Urban Disorder and the Shape of Belief : The Great Chicago Fire, the Haymarket Bomb, and the Model Town of Pullman
The Great Chicago Fire of 1871, the Haymarket bombing of 1886, and the making and unmaking of the model town of PullmanOCothese remarkable events in what many considered the quintessential American city forced people across the country to confront the disorder that seemed inevitably to accompany urban growth and social change. In "Urban Disorder and the Shape of Belief," Carl Smith explores the imaginative dimensions of these events as he traces the evolution of interconnected beliefs and actions that increasingly linked city, disorder, and social reality in the minds of Americans. Examining a remarkable range of writings and illustrations, as well as protests, public gatherings, trials, hearings, and urban reform and construction efforts, Smith argues that these three eventsOCoand the public awareness of themOConot only informed one another, but collectively shaped how Americans understood, and continue to understand, Chicago and modern urban life. This classic of urban cultural history is updated with a foreword by the author that expands our understanding of urban disorder to encompass such recent examples as Hurricane Katrina, the Oklahoma City Bombing, and 9/11. aOC Cultural history at its finest.a By utilizing questions and methodologies of urban studies, social history, and literary history, Smith creates a sophisticated account of changing visions of urban America.OCOOCoRobin F. Bachin, "Journal of Interdisciplinary History""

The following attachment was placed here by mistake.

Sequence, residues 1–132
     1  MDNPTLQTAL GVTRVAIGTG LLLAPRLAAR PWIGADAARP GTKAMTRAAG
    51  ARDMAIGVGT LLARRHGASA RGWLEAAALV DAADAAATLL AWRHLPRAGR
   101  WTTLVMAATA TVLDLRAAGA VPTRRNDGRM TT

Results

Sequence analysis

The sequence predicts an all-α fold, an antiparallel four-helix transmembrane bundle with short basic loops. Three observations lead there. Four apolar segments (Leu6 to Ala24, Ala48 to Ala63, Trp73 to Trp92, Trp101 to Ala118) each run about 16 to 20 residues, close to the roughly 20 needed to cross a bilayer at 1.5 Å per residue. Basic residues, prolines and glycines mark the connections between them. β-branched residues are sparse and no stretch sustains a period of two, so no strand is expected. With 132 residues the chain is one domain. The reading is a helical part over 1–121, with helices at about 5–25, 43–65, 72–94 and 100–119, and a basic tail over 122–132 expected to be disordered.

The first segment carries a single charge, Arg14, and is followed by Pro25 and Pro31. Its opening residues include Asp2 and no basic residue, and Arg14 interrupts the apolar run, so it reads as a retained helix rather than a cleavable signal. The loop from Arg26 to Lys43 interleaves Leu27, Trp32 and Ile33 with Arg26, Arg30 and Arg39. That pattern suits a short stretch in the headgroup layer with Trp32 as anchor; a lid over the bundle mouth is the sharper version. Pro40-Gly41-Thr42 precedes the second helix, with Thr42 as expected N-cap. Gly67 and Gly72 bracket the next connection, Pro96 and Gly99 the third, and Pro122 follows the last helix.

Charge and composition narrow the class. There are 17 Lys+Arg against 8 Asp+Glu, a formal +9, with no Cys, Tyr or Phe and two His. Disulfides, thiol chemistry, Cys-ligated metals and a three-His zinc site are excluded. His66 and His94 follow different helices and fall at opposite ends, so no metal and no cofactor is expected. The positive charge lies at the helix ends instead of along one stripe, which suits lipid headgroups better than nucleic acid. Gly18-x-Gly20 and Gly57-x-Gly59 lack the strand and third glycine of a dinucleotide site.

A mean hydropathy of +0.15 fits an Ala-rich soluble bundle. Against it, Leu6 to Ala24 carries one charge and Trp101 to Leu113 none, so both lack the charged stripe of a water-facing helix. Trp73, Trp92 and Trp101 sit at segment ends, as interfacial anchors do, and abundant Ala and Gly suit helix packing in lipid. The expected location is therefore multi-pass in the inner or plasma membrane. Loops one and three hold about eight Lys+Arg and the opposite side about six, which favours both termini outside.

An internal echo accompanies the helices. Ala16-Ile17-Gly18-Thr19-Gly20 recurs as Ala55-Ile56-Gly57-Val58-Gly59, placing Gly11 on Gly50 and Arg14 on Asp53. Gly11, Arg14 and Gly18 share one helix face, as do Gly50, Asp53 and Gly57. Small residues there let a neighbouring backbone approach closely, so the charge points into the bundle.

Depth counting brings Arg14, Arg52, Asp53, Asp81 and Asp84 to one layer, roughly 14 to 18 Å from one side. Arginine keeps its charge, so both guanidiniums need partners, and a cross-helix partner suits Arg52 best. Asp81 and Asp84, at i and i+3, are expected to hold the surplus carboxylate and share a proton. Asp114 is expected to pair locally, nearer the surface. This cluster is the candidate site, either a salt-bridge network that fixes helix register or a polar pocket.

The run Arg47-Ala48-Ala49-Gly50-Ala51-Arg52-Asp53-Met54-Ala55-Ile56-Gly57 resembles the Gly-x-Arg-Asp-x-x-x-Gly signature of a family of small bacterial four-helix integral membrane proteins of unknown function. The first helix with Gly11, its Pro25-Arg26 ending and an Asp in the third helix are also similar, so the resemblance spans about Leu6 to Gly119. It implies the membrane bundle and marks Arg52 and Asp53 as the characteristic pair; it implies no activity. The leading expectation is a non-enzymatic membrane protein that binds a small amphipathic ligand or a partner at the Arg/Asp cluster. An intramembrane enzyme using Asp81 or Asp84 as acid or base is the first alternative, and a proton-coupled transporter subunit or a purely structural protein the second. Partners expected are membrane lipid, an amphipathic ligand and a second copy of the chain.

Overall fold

- 14 May 2014
- The University of Chicago Press
- University of Chicago Press
- United States
- Revised ed.